# Hashing tuples of tuples is seemingly very slow

I’ve been using Julia to complete advent of code this year. Today’s problem had a part which naturally lent itself to storing pairs of tuples of integers in a set. My program was running far more slowly that I expected to, so I implemented the same logic in Python to see if that faired any better. My Python code completed in less than 5 seconds. I came back to my Julia code and used my own hashing function to instead store a pair of integers and this time my program complete in under 4 seconds. The only change in my program is the one shown below.

``````    if Tuple([Tuple(p1),Tuple(p2)]) in seen
return score(p1),1
end
push!(seen,Tuple([Tuple(p1),Tuple(p2)]))
``````

Which I changed to:

``````    if Tuple([score(p1),score(p2)]) in seen
return score(p1),1
end
push!(seen,Tuple([score(p1),score(p2)]))
``````

This small change made my runtime go from over a minute to less than 4 seconds. Curious, I timed the code below and it took 15 seconds to run while equivalent python code completed in less than 3 seconds.

``````for _ in 1:1000000
i = rand(0:50)
hash(Tuple([Tuple(1:i),Tuple(i+1:50)]))
end
``````

Does there exist a consistently performant way to store tuples of tuples in a set?

Not an answer to your question, but this usage of tuples looks overly complicated. Why not just

`````` if (p1, p2) in seen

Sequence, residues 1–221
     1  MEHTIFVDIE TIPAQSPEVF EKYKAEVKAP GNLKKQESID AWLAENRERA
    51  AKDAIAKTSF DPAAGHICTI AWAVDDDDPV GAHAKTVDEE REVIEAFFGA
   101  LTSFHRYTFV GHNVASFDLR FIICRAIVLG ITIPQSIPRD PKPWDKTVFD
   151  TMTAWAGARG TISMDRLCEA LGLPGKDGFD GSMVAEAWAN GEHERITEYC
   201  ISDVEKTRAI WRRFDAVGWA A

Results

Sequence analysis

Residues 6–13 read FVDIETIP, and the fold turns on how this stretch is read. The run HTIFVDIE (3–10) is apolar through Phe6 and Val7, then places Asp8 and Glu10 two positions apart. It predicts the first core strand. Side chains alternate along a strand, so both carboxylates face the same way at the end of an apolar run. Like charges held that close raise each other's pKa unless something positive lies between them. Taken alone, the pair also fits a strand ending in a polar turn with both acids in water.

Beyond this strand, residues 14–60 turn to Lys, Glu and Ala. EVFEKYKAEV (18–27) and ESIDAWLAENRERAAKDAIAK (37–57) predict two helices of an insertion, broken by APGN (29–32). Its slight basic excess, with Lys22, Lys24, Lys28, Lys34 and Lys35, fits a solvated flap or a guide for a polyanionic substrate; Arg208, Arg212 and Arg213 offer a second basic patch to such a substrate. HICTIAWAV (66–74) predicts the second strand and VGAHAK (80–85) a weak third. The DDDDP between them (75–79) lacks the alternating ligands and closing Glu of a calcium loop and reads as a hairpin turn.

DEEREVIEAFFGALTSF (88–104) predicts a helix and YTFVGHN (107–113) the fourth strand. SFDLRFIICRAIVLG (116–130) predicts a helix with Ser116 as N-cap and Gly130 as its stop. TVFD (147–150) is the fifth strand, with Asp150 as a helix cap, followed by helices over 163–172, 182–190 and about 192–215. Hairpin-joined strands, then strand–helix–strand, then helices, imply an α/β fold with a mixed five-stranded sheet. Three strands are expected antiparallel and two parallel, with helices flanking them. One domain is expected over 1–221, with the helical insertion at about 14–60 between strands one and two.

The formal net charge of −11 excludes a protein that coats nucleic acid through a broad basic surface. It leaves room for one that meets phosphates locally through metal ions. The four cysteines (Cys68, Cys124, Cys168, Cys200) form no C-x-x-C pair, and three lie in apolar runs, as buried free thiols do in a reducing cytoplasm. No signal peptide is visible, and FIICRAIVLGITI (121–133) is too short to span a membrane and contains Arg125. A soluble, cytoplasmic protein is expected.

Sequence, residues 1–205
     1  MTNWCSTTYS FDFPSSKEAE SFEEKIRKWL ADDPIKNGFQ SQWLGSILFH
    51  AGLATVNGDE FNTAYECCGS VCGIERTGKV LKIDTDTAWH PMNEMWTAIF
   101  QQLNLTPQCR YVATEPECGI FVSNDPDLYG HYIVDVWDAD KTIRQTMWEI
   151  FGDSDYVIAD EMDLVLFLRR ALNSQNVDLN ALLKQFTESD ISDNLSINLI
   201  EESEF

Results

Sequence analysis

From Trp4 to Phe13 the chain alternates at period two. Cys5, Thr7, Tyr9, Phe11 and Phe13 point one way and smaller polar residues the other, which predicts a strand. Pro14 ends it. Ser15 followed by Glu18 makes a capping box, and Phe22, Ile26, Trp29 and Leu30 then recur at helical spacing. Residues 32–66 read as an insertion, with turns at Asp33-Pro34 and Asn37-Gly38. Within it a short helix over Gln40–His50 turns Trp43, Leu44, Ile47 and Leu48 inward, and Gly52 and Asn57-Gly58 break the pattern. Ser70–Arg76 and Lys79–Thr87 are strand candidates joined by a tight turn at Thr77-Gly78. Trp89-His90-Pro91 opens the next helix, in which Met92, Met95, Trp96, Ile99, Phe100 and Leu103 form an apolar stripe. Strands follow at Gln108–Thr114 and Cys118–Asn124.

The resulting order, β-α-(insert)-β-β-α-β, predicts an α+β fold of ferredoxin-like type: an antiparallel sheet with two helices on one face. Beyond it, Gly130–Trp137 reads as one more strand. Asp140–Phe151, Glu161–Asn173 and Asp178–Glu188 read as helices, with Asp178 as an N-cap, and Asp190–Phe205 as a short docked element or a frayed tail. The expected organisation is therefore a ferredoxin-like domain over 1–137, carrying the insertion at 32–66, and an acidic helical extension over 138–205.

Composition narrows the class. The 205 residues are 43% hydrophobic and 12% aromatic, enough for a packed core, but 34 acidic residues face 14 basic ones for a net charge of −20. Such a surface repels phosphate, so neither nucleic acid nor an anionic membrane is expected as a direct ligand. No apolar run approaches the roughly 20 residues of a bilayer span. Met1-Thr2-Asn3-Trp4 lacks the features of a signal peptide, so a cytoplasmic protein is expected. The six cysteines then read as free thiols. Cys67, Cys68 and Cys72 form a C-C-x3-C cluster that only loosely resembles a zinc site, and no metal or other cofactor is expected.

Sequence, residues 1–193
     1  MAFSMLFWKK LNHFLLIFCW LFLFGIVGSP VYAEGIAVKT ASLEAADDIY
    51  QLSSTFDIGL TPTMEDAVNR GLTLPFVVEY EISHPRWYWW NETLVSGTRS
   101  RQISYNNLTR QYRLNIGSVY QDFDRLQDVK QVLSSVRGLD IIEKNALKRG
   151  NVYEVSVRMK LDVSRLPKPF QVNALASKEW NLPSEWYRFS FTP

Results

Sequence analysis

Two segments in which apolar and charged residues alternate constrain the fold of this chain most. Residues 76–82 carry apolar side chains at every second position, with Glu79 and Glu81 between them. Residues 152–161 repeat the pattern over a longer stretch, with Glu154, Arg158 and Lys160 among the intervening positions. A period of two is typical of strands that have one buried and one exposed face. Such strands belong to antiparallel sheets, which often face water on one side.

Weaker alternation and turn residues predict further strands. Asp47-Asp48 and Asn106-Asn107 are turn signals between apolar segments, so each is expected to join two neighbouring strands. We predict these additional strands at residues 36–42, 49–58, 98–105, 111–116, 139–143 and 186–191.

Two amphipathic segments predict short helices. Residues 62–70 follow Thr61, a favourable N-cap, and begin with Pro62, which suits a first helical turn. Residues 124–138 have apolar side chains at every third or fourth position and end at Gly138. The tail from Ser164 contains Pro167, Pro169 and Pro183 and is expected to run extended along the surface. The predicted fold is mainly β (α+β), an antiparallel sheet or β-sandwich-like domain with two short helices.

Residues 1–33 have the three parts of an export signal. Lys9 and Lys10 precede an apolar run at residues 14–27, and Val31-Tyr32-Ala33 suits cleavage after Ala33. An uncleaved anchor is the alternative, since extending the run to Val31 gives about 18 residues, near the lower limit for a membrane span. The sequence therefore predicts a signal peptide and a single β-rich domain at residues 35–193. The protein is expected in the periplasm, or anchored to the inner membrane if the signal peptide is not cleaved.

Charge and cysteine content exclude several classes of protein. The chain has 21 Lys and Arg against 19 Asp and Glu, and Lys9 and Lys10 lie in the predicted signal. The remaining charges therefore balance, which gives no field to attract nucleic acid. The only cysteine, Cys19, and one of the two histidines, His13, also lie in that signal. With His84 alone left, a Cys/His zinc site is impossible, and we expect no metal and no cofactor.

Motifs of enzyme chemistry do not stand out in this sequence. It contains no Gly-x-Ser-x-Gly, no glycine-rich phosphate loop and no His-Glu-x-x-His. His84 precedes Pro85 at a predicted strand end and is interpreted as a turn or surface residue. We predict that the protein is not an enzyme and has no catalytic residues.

return score(p1),1
end
push!(seen, (p1, p2))
``````

It is possible, that `Tuple([Tuple(p1), Tuple(p2)])` construction creates intermediate arrays.

2 Likes

Are you sure it is the hashing that is slow or could it be the fact that you are creating a bunch of tuples of unknown length (type unstable) and an array holding these two tuples in every iteration?

2 Likes

The problem with your code is not the call to `hash`, but the type instabilities from creating tuples with non-inferable length. Just replacing `Tuple([Tuple(p1), Tuple(p2)])` with `(Tuple(p1), Tuple(p2))` already makes this a lot faster:

``````julia> @time for _ in 1:1000000
i = rand(0:50)
hash((Tuple(1:i), Tuple(i+1:50)))
end
2.541987 seconds (5.96 M allocations: 1.371 GiB, 2.92% gc time)

julia> @time for _ in 1:1000000
i = rand(0:50)
hash(Tuple([Tuple(1:i),Tuple(i+1:50)]))
end
11.292196 seconds (13.20 M allocations: 2.993 GiB, 1.20% gc time)
``````

`Tuple(1:rand(0:50))` is still not type stable though, so I would highly recommend storing the ranges as `UnitRange`s instead of `Tuple`s inside your set.

I tried something like that as well but still ran into the same problems. I should note that p1,p2 are arrays and so I have to convert them into tuples. The variations I tried are

``````    tuple(Tuple(p1),Tuple(p2))
tuple(tuple(p1...),tuple(p2...))
(tuple(p1...),tuple(p2...))
(Tuple(p1),Tuple(p2))
Tuple([Tuple(p1),Tuple(p2)])
Tuple([tuple(p1...),tuple(p2...)])
``````

But all were slow.

You don’t though. You can have a `Set{NTuple{2, Vector{Int}}}` and just put the two arrays in there (like what was said in Hashing tuples of tuples is seemingly very slow). That’s e.g. what I did for advent of code. Just don’t mutate them after you put them into the set.

2 Likes

Sorry about my confusion over what was going slow. I changed the code to what’s shown below and it now runs in ~2.8 seconds. Thanks for your help.

``````    if (p1,p2) in prev1
return score(p1),1
end
push!(prev1,(copy(p1),copy(p2)))``````